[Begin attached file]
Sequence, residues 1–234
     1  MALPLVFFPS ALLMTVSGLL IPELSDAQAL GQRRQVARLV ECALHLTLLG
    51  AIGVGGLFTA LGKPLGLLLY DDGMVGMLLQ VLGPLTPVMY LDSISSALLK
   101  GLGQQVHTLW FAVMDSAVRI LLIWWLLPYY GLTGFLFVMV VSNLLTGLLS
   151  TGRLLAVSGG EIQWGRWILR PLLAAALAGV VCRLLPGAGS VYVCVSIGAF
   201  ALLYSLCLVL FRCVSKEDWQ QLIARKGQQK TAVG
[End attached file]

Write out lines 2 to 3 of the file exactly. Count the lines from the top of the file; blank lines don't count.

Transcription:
     1  MALPLVFFPS ALLMTVSGLL IPELSDAQAL GQRRQVARLV ECALHLTLLG
    51  AIGVGGLFTA LGKPLGLLLY DDGMVGMLLQ VLGPLTPVMY LDSISSALLK